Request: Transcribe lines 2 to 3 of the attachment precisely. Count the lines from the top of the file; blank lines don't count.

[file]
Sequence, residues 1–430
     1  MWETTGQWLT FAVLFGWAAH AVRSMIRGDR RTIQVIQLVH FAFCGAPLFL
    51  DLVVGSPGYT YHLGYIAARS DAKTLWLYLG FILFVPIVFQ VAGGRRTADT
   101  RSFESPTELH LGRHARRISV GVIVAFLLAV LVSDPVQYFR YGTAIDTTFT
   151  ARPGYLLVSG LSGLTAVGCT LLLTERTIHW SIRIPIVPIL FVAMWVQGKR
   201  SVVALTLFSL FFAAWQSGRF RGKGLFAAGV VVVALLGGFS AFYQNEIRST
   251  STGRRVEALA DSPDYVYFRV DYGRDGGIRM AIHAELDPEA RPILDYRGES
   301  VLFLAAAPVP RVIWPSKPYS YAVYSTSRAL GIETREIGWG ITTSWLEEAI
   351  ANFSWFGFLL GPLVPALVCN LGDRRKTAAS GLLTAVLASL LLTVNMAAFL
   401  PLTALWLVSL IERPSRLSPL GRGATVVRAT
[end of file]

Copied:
     1  MWETTGQWLT FAVLFGWAAH AVRSMIRGDR RTIQVIQLVH FAFCGAPLFL
    51  DLVVGSPGYT YHLGYIAARS DAKTLWLYLG FILFVPIVFQ VAGGRRTADT